I am running Ubuntu-gnome 16.04 LTS 4.4.0-62-generic.

I would like to do following: Run either ...

  • (a) an application (GUI) [/path/to/my_app.desktop]
  • or (b) an interactive script in a terminal [e.g.: $ gnome-terminal -x /path/to/script.sh]

... whenever a mount of any (USB) device is recognized.

The execution on the user's X-server seems mandatory since varying user input is required in response to the running application/script; it can not simply run in the background.

For the last 2 days I have done extensive research and experimented with both, udev-rules and systemd.services. My re-occurring problem tough is, that either of the latter approaches requires X-authentification. Altough there sure are (convoluted) ways to make the authentification happen, I do not like the idea to breach the innate system security by exporting the $XAUTHORITY variables from root to the user's session...

I suppose there should be an alternative way to make the following happening:

  1. detect when/if a new (USB) device was mounted
  2. start an application/script(in terminal) with USER privileges on user desktop (i.e. user's Xsession?)
  3. (optional: pass the devicename on as a variable)

(creation of mount-specific .config files?; org.gnome.desktop.media-handling?; autostart-script observing /home/$USERNAME/media .mounts?; editing /etc/fstab; ...?)

Any hints would be highly appreciated.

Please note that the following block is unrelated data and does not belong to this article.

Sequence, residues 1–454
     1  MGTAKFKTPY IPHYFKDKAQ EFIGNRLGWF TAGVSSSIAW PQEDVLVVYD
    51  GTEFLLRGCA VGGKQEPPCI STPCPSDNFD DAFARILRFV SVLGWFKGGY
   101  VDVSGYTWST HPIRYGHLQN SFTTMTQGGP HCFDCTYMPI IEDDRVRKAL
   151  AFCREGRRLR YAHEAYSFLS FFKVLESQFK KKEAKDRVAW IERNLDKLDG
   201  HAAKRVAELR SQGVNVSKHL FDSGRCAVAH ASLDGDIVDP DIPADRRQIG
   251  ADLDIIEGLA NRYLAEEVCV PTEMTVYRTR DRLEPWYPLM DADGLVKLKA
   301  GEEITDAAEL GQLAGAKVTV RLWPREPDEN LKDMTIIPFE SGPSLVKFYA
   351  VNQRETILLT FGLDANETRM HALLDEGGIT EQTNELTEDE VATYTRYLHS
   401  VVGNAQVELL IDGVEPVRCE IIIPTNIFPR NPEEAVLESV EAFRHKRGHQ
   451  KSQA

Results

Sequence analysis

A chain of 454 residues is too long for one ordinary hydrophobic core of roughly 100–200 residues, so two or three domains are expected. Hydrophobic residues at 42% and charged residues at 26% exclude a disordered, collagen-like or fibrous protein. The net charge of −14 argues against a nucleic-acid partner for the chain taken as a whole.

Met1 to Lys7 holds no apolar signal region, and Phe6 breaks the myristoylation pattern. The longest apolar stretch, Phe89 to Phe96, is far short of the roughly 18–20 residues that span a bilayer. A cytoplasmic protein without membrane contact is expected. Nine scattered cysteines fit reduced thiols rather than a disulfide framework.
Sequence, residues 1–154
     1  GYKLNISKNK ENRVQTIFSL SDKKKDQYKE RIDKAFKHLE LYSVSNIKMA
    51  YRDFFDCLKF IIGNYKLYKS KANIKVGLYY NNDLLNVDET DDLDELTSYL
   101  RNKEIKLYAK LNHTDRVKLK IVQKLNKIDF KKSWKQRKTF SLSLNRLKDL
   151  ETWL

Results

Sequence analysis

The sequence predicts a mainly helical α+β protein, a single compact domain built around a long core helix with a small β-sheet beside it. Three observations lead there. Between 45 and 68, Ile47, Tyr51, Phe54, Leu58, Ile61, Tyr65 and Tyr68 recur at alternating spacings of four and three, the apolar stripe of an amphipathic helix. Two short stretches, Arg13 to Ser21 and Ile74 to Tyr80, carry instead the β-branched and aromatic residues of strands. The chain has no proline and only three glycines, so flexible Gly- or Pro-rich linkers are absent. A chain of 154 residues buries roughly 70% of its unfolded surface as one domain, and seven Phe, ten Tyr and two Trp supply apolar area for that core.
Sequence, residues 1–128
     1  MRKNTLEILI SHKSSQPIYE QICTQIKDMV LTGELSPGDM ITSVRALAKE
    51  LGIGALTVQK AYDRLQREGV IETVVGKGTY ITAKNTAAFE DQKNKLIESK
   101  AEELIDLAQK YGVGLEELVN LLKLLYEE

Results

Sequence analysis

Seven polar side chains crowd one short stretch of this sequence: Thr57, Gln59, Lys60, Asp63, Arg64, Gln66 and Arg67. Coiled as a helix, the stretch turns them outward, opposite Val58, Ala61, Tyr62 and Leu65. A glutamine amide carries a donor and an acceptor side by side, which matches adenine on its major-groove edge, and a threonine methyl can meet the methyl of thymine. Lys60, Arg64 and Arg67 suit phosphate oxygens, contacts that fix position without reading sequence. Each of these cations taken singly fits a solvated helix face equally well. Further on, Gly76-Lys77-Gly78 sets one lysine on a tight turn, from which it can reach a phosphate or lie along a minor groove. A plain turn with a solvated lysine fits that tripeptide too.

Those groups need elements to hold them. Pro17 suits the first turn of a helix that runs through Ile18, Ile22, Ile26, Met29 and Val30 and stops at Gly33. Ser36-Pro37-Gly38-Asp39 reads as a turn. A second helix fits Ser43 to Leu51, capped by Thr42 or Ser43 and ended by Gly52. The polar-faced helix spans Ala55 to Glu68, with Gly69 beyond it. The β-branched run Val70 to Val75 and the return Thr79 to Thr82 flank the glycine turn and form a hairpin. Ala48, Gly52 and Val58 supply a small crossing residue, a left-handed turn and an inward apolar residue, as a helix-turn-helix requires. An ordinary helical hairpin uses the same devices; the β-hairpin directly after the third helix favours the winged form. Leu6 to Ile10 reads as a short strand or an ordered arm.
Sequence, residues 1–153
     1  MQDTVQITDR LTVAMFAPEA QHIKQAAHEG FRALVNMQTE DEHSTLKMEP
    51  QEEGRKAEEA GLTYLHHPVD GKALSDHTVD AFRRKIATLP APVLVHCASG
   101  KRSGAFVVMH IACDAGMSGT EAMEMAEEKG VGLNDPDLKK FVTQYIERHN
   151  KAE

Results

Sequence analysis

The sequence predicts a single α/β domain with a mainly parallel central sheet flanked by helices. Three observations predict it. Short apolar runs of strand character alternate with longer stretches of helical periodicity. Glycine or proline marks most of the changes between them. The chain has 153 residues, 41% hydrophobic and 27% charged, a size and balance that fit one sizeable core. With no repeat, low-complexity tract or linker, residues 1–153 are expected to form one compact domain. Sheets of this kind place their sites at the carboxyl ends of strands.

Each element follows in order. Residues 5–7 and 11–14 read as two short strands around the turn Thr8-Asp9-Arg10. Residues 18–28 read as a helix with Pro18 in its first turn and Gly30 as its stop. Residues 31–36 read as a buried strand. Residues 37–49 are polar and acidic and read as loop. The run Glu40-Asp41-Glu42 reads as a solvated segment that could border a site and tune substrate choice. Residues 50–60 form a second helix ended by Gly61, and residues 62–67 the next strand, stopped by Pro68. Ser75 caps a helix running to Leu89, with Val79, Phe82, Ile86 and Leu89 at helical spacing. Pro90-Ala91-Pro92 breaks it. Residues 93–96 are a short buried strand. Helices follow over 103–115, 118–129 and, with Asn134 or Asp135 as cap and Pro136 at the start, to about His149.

• Hi brunuser, I was pretty sure I answered a question like this before, but it turned out to be a look-alike :). Please mention if all is clear (or not). – Jacob Vlijm Feb 16 '17 at 6:15

(Old answer, new answer further below)

Run a script or command to run whenever a usb drive gets connected

If, for whatever reasons, you do not want to use udev rules or anything more complicated, then use the script below.

Simply running the script, with your command to run as argument, will do the job.

The script:

#!/usr/bin/env python3
import subprocess
import time
import sys

cmd = " ".join(sys.argv[1:])

def get_mountedlist():
    return [(item.split()[0].replace("├─", "").replace("└─", ""),
             item[item.find("/"):]) for item in subprocess.check_output(
            ["/bin/bash", "-c", "lsblk"]).decode("utf-8").split("\n") if "/" in item]

def identify(disk):
    command = "find /dev/disk -ls | grep /"+disk
    return "usb" in subprocess.check_output(["/bin/bash", "-c", command]).decode("utf-8")

mounted1 = get_mountedlist()
while True:
    mounted2 = get_mountedlist()
    if [d for d in mounted2 if all([not d in mounted1, d != "/", identify(d[0]) == True])]:
        subprocess.Popen(["/bin/bash", "-c", cmd])
    mounted1 = mounted2

To use

  1. Copy the script into an empty file, save it as run_usbactions.py
  2. Test- run the script by (e.g.) the command:

    python3 /path/to/run_usbactions.py <command_to_run> <optional_args>

    In my test, I used e.g.:

    python3 /path/to/run_usbactions.py gedit file

    to open file with gedit once a usb drive is connected.

  3. If all works fine, add it to Startup Applications: Dash > Startup Applications > Add. Add the command:

    python3 /path/to/run_usbactions.py <command_to_run> <optional_args>


  • Once per four seconds, in the function get_mountedlist(), the script reads the output of lsblk.